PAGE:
The universe, according to the Maya, as is commonly discussed, is divided into four parts, with a central axis that unites the cosmic levels, the earth, and the underworld.

The earth’s surface is described as a ring divided in four paths: north (white), south (yellow), east (red), and west (black), with a clearly established center. The celestial level is also divided into four parts sustained by gods: the bakab or pawajtuun. In the middle of the cosmos a gigantic ceiba tree rises up, and its roots are planted in the underworld’s nine levels, its trunk crosses the earthly level, and its leaves reach the 13 skies. There are many deities on each level of the cosmogram, and some humans can interact with some of them. Medicine is one of these possible interactions, and requires communication between deities and plants in order to regain the balance of health.

One afternoon, don Tiburcio Tzakum Cab (RIP), the healer and shaman of Catmis, Yucatán, told me that when his mother was pregnant with him, it was heard that he screamed and cried from inside his mother’s womb. This was the sign that he was to be born with the gift of healing, to see things others can’t, and that he could do a lot of good in his life, but also a lot of evil.

According to Javier Hirose,

Traditional Maya physicians consider that to be able to heal you need to be born with the “gift,” which can manifest itself in many ways: sleeping with eyes semi-open or moving them while asleep, having light-colored eyes (because it’s linked to Zamná, the mythical character with these kind of eyes, who founded Izamal), the presence of two swirls of hair on the head (the suuy, located in the soft spot of the head), and being shy during childhood (keeping away from the rest of the children and staying in a meditative state, but in touch with the “seven spirits” that accompany the person during the course of their life). That the baby talks or cries (three times) while still inside the mother’s womb is also taken as a sign of pre-destiny, while the ease and interest the child presents in learning names and the ways of preparing medicinal plants is also an important point of reference (Hirose 2008, 78-79). In a similar way, De la Garza indicates that people destined to possess the gift can manifest it in different ways: “having two swirls of hair, that indicates they are good and evil; talk or cry in the mother’s womb; sleeping with the eyes semi-open and moving them while they sleep; having light-colored eyes […] Additionally, the gift can be revealed on a dream.” (De la Garza 2012:230).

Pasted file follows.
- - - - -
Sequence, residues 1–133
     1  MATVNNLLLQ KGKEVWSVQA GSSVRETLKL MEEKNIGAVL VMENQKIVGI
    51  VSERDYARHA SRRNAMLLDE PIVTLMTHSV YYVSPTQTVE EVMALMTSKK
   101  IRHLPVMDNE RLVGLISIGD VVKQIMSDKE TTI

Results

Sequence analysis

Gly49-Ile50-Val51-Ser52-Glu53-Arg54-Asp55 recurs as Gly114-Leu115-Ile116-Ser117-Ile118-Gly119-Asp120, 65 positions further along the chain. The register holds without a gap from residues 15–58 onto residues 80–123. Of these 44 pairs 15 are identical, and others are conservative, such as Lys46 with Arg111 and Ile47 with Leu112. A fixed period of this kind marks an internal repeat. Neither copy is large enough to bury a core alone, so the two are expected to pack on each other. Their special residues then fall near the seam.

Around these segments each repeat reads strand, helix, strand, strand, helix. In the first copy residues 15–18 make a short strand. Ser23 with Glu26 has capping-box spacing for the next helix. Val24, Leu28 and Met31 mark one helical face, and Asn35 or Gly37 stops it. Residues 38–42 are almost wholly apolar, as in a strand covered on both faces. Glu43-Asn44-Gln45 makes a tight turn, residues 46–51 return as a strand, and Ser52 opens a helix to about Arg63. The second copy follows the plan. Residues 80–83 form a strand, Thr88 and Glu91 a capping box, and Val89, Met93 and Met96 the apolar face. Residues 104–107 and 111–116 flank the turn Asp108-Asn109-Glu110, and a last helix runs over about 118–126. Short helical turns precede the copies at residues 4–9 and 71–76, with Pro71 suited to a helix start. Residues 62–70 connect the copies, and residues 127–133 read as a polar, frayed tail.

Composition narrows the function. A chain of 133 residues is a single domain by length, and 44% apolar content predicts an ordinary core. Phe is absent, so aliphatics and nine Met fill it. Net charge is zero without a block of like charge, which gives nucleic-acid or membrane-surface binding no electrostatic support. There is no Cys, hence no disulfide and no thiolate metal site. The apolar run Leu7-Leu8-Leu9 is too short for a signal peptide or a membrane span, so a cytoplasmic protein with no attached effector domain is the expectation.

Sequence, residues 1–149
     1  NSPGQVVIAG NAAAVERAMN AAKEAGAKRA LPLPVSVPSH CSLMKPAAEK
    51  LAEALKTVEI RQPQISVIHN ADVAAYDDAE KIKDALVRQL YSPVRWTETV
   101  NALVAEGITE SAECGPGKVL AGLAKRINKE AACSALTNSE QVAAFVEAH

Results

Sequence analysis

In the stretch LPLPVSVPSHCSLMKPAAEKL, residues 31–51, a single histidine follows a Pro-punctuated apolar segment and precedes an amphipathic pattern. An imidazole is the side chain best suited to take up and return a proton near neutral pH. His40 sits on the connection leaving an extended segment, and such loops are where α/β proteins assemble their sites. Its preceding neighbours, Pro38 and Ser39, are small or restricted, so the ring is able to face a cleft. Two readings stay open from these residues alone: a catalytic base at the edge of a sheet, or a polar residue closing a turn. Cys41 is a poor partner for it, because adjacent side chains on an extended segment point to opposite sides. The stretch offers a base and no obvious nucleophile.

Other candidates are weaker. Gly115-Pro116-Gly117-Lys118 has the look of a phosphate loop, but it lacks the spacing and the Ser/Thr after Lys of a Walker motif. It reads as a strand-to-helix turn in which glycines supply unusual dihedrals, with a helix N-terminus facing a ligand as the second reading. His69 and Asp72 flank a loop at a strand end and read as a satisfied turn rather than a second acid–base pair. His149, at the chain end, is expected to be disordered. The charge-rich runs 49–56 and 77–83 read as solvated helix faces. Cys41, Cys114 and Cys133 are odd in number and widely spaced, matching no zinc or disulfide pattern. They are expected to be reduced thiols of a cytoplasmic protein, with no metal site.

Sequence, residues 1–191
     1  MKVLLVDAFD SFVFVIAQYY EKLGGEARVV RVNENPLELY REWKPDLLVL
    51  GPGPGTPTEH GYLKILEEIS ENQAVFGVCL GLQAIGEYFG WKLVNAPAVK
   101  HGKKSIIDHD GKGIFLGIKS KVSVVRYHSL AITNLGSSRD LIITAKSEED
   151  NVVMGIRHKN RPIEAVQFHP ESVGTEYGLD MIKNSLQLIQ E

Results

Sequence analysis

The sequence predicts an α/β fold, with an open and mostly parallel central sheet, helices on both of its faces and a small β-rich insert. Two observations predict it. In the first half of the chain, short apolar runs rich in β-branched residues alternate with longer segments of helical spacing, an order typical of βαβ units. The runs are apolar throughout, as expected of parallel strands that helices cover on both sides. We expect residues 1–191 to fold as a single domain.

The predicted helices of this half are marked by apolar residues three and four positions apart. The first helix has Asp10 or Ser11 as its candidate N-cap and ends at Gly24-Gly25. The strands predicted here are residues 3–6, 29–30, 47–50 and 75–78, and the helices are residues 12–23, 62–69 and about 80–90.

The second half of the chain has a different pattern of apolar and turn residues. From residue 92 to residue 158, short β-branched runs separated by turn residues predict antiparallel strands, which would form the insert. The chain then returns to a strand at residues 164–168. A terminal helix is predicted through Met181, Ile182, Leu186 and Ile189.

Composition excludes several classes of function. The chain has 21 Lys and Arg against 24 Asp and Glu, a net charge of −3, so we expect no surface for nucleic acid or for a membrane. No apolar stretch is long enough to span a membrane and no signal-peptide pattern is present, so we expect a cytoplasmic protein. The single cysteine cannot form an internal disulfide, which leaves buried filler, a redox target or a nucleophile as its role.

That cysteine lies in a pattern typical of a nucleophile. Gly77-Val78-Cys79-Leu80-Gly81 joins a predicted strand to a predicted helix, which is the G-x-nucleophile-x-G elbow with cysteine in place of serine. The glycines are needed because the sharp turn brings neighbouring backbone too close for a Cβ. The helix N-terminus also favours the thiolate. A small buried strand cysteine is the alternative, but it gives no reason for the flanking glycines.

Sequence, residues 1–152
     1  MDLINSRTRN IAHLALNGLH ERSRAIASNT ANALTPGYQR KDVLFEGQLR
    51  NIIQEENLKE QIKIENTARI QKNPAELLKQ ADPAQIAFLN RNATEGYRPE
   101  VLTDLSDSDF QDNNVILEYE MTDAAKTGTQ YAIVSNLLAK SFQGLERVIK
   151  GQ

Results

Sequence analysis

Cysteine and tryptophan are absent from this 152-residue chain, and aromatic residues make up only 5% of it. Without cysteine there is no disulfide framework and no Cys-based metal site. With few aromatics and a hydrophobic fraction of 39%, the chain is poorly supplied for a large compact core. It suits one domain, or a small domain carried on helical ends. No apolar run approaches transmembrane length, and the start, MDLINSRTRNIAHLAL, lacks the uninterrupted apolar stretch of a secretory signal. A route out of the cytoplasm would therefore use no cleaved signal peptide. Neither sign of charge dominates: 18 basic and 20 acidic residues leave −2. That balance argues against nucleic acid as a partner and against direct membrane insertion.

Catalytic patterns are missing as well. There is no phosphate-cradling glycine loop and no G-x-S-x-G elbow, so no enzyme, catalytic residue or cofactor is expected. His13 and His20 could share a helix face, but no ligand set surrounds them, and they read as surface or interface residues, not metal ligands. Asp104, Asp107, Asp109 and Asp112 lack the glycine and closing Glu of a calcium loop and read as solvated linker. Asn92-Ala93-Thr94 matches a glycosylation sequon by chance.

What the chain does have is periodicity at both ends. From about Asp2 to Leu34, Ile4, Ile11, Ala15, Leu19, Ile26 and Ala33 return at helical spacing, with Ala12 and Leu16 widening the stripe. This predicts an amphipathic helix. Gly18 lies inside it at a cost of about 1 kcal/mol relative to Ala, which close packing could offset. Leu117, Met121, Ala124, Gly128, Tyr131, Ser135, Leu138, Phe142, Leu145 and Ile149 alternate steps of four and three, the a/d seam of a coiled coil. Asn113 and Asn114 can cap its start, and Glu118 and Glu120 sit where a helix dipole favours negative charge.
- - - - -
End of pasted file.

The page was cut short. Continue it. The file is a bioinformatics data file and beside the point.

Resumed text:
As a healer, don Ti could have access to the Maya cosmogram’s levels in order to interact with the necessary gods who could restore the sick person’s health if they were feeling pain or had contracted some disease (that could have been imposed by the gods).

Don Tiburcio had notebooks with stories and medicinal plants, in which he drew and colored the plants he used to heal, along with a detailed description of their uses and methods of preparation. During my visits to his house, he shared that being born with the gift implied a big responsibility to maintain the balance between good and evil, and the importance to heal and not be mischievous.

I met don Ti when he was 99 years old: healer, herbalist, shaman, sculptor, artist, and historian. He enjoyed showing the cave he had in his home, and from there telling us the stories of his life, his family, his town, and the creations he had made during his lifetime.

La historia de Tiburcio was published in 2013 to fulfill his wish to make his healing gift known as well as his artistic talents.

Editorial by Andrea Medina



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